The best part of any match at Kiwitea Street in Sandringham, Auckland, is the five minutes after the referee blows the final whistle, before the volunteers come down from the clubrooms and start taking down the goals.
That’s when the kids in replica shirts – Barcelona, Chelsea, Auckland City FC – swarm the pitch, hell bent on experiencing the thrill of booting the ball into the back of the net, a proper net, taut and square like the ones on TV. The players stand around with their socks down, quaffing electrolyte drinks and talking to friends and family who‘ve come to see them – at least one person always seems to be holding a brand new baby. The sun is getting low by this stage, and as you file out along the narrow walkways on either side of the pitch you pause for a moment to take it all in, and realise this is what going to the football is all about.
It’s a feeling you can’t get from watching on TV. Just being there, supporting your team, even if they’re kind of hopeless at the moment. Shouting at the ref a little bit. All of it is good for the soul, and more of us should do it this summer. Here’s how.
Step 1: Find your team
The old saying ‘support your local team’ is really the only option. The ISPS Handa Premiership, formerly known as the ASB Premiership, is a 10-team national league spread from Auckland (three clubs to choose from) to Dunedin which runs from November until the end of March. The seven-team National Women’s League is also worth getting along to while it’s still on (it winds up mid December). No glory hunting, simply find your nearest team and commit to them wholeheartedly, even if it looks like they might be absolute rubbish. Make it official by following them on Facebook or Twitter – most clubs run pretty good social media these days.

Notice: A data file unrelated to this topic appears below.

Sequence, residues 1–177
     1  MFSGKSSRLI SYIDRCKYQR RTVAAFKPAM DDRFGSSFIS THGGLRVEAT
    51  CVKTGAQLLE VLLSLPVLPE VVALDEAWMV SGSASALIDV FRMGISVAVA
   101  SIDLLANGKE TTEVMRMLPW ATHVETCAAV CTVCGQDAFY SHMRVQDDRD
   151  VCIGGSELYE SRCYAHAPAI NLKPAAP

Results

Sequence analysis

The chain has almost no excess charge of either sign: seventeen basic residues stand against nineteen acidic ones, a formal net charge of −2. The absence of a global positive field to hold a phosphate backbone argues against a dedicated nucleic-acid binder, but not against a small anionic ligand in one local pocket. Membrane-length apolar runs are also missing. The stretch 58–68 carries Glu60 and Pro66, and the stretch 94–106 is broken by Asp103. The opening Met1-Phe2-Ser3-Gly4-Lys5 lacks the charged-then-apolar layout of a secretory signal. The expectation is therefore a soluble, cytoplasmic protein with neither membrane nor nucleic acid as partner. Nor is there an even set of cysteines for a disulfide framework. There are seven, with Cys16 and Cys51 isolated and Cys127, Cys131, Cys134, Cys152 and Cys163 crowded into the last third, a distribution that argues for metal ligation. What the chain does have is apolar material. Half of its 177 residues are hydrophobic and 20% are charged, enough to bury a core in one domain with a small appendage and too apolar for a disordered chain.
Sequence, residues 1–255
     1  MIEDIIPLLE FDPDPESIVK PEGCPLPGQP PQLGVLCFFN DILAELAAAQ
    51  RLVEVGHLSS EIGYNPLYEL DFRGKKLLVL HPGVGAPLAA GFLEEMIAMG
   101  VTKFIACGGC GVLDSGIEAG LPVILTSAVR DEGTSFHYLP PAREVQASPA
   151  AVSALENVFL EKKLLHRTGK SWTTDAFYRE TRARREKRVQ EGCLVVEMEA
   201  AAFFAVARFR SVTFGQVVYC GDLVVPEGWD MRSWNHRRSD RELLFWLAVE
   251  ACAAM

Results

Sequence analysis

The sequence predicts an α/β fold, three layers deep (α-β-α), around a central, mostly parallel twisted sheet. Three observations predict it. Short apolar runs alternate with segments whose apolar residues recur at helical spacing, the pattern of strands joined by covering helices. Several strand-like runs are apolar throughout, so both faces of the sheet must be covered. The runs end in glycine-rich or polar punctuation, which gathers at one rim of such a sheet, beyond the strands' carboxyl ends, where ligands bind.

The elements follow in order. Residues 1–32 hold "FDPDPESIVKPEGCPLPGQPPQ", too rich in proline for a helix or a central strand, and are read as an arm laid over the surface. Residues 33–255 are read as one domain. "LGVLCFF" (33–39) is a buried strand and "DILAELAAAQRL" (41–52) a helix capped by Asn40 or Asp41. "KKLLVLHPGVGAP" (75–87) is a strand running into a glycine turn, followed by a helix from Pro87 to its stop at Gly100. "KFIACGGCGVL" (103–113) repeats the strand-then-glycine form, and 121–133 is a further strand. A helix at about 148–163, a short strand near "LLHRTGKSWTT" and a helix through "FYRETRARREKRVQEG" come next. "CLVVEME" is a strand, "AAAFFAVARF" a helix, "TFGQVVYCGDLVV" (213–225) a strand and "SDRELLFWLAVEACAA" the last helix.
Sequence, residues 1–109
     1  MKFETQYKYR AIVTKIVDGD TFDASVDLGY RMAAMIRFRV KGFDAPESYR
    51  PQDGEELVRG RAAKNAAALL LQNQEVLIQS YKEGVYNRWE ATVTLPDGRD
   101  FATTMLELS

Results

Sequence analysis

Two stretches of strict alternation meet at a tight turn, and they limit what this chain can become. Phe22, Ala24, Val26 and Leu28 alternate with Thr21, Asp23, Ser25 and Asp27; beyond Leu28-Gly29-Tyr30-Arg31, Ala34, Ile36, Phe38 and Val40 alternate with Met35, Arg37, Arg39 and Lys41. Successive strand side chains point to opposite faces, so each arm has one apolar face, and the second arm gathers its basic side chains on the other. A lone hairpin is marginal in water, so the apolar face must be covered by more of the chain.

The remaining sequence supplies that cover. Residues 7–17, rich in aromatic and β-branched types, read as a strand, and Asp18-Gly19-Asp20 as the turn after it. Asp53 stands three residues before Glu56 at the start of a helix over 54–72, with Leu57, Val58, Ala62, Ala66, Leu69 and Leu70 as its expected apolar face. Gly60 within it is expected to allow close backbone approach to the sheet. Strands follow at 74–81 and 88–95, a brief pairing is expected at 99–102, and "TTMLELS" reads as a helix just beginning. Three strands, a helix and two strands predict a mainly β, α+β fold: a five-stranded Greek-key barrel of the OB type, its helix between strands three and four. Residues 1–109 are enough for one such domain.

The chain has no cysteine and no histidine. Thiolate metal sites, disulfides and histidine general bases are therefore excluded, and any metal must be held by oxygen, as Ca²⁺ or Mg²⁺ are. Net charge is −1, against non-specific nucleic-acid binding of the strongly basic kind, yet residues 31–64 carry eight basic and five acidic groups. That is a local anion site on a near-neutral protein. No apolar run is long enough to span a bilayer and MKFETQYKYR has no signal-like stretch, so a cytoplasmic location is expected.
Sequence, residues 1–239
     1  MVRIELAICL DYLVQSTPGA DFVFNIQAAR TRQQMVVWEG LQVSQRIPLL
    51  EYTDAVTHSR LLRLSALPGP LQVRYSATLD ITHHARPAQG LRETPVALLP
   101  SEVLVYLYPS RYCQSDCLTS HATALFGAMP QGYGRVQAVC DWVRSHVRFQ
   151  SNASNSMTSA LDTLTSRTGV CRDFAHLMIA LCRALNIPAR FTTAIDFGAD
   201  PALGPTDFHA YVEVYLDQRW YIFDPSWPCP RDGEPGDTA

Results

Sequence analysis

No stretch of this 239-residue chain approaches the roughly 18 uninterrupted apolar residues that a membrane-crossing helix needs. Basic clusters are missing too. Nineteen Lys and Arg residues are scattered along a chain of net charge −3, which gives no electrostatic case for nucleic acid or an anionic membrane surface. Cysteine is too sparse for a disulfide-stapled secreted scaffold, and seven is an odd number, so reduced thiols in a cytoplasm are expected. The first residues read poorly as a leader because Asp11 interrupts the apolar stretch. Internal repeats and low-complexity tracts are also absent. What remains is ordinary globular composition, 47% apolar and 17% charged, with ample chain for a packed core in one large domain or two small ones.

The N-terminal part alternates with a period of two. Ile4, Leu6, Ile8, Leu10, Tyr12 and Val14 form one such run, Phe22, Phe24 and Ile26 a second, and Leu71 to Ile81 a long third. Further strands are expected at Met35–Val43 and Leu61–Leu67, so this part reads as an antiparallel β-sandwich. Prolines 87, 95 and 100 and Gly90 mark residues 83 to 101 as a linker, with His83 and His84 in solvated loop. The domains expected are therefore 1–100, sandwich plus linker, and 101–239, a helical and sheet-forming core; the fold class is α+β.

Step 2: Identify your rival
If the team you’ve chosen to support is Auckland City FC, your traditional rival is Waitakere United (though more recently it has also been Team Wellington). If you’re supporting any other team in the league, then you hate Auckland City FC by default. These are mild rivalries by international football standards, but having a team you despise above all others is still a vital part of the experience.
Step 3: Go to a game
It’s not just a game of top-level football, it’s a whole matchday experience. At Kiwitea Street, for example, this includes access to legendary steak sandwiches from the cafeteria, half-time entertainment (usually a bloke singing Cold Chisel covers) and the company of Bucket Man, Auckland City’s number one fan who watches every game over the fence while banging on a bucket, and sometimes lets off fireworks at the start of the second half. Every ground has its own unique features, and whatever the price of admission (the maximum you’ll pay is $15), it’s always a bargain.
Step 4: Find your new favourite player
Not necessarily the best player, but the one that does the coolest moves, tries the hardest or seems the most emotionally volatile. My favourite player, without question, was Costa Rican striker Luis Corrales, who started out with Team Wellington before defecting to Auckland City for a couple of glorious seasons. Very short and extremely short-tempered, he scored just about as many screamers as he got red cards. Heroes like Luis Corrales are everywhere in the Premiership once you start looking.
Step 5: Figure out who is actually, properly good
Every team has at least one player who ‘could definitely play at a higher level’. Your job as a supporter is to identify that player, then keep going on about it until it happens. There are plenty of high-profile success stories: Burnley’s Chris Wood and PSV’s Ryan Thomas both started out playing for Waikato, and in 2013 the Wellington Phoenix signed Albert Riera from Auckland City after he bossed them in a pre-season friendly. By the end of that season he was starting for the A-League All Stars against Juventus, marking Italian legend Andrea Pirlo.
Step 6: Go to another game
Don’t just go to one game. Go to every game. Even if it’s a bit rainy and you have to take your umbrella.
Step 7: Watch it on TV
Unlike rugby or cricket, football is a sport that’s infinitely better when experienced live at the ground – that’s why this is the final step. Get out there, support your local team, experience the beautiful, unpredictable ISPS Handa Premiership first-hand. When you get to the stage where you find yourself engrossed in a scrappy away game broadcast live on Sky Sport? That’s when you know you’ve become a true supporter.